To Those Who Have Lost a Sibling
I thought of you yesterday. If this holiday, National Siblings Day, went unnoticed by you then I am envious. I was not aware of it myself until the innocent and seemingly harmless Facebook scroll with my morning coffee, a chance to gain peace before I attacked the task of getting four children ready for church. The word “sibling” always makes me think of two things: my four children and my older brother. The one sibling I had, my brother Adam, has been gone for nearly 26 years. His own life cut short at 19 by the brain tumors that infiltrated his mind. The question of if I have siblings always brings out the familiar furrow on my forehead, and I never fail to ponder how to answer. What to say, I wonder silently. “I do” or “I did” or “yes” or “no”? It is still a struggle after pondering my answer hundreds of times in the past 9,000-plus days.
I have no one to call on National Sibling Day. Perhaps you are bound together with your siblings left behind or perhaps, you are like me, the default only child. My closest genetic link in the world gone, though I am not sure our genes had much to do with the bond we shared. I think our relationship began the day a sister was brought home from the hospital and a big brother claimed her for his own. I can almost feel his arms as I gaze at the picture of his scrubbed-clean self holding me on his pajama-clad lap. There is another of him sleeping beneath my crib. The role of guardian taken very seriously by the 4-year-old boy as his newborn sister slept blissfully, unaware her soulmate’s days would be far less than her own.
Do you, like me, ponder how to not let the grief overtake you? Does your joy come for long bouts and then suddenly the grief rises to the surface? It sets in like an endless steady rain and you are left wet and shivering in the cold. Shelter seems far away, and sometimes it’s better to be soaked with the grief and pain; ignoring it does not work well in my experience. It tends to hide, placated for a brief time, and then emerges stronger and more volatile the next. I have played this game for many years now and often struggle to control the tears born out of my own pride and even embarrassment. If I begin I may not stop and then things get even tougher. Questions from friends, spouse, children, parents, all too much and adding to the suffocation you use to extinguish the feelings. Don’t though. Just don’t. Find a quiet place and a quiet time and weep — cry for the sibling who left this earth and whose memory calls you back again and again. The joy will return, I promise.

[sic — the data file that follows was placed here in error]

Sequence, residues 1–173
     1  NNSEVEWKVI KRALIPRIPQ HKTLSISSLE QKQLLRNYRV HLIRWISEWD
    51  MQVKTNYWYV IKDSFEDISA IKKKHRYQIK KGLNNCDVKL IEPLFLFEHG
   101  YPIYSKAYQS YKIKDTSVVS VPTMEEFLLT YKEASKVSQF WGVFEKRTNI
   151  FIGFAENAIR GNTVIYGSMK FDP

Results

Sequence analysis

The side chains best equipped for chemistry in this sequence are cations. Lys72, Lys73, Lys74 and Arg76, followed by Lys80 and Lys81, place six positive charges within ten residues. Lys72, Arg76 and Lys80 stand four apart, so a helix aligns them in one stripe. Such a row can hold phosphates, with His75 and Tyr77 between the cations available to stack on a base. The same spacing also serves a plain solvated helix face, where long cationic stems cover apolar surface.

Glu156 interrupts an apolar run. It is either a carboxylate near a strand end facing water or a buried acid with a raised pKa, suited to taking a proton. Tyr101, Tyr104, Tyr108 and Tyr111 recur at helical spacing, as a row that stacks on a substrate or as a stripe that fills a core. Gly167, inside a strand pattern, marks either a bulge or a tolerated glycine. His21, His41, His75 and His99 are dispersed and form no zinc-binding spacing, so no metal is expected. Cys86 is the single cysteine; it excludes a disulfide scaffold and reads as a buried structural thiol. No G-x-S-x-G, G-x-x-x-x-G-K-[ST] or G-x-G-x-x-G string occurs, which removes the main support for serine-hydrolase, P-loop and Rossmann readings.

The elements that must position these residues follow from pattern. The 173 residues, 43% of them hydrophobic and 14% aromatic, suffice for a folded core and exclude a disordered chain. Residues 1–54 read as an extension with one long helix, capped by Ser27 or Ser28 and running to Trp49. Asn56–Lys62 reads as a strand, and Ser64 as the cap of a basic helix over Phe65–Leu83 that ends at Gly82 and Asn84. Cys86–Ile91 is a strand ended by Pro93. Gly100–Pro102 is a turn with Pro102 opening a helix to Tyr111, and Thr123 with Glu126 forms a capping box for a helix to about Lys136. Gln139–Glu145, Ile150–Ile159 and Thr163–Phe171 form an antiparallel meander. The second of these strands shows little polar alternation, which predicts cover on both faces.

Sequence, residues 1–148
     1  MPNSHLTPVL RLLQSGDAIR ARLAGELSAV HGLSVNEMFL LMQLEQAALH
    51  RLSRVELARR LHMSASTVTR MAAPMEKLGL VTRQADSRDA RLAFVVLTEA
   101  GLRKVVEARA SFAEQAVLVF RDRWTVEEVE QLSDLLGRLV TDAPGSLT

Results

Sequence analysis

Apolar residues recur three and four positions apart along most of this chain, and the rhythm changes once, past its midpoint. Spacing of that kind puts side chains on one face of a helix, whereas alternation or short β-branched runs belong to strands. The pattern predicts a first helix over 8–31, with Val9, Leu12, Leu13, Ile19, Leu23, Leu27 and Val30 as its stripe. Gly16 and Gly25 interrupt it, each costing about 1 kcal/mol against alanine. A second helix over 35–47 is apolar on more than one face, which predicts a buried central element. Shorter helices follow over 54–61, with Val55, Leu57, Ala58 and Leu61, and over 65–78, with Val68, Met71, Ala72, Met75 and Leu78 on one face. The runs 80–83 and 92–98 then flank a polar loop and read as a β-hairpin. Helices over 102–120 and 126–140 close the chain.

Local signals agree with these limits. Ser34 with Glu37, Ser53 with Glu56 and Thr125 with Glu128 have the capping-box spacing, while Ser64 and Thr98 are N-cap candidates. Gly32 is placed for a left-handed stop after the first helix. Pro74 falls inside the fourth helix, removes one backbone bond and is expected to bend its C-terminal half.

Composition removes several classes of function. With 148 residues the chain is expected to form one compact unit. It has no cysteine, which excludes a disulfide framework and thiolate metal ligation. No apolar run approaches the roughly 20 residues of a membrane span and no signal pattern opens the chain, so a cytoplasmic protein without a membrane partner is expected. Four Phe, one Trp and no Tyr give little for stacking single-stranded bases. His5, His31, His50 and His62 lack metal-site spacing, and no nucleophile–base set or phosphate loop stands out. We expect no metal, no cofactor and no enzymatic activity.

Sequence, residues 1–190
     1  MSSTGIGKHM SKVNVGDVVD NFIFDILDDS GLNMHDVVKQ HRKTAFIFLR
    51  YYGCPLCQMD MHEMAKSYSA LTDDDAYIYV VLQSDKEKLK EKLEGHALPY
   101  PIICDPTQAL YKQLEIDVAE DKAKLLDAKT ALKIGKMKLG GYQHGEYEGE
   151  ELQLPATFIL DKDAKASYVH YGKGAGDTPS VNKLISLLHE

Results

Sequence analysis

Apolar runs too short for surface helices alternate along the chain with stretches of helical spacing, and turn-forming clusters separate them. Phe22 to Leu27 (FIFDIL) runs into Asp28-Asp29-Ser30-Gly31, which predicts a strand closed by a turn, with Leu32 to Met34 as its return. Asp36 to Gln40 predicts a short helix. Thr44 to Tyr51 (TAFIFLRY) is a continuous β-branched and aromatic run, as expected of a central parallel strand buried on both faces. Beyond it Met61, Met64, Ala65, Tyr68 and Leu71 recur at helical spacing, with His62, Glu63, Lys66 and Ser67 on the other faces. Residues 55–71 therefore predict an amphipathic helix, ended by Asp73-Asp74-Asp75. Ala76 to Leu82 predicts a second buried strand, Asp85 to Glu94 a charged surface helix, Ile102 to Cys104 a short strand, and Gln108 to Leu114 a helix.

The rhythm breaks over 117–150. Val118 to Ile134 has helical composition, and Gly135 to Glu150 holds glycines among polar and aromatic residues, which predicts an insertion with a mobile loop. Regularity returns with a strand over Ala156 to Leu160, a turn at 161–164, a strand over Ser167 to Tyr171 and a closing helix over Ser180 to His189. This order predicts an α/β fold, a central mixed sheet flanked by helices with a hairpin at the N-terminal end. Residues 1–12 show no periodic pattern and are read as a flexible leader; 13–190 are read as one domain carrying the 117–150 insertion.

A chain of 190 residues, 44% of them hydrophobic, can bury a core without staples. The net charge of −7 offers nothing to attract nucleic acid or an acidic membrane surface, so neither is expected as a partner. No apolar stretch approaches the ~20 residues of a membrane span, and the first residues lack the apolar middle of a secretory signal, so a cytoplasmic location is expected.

The Mighty wants to read more stories about siblings, whether it’s your favorite memory or a tough moment that taught you something. If you’d like to participate, please send a blog post to [email protected] Please include a photo for the piece, a photo of yourself and 1-2 sentence bio. Check out our Submit a Story page for more about our submission guidelines.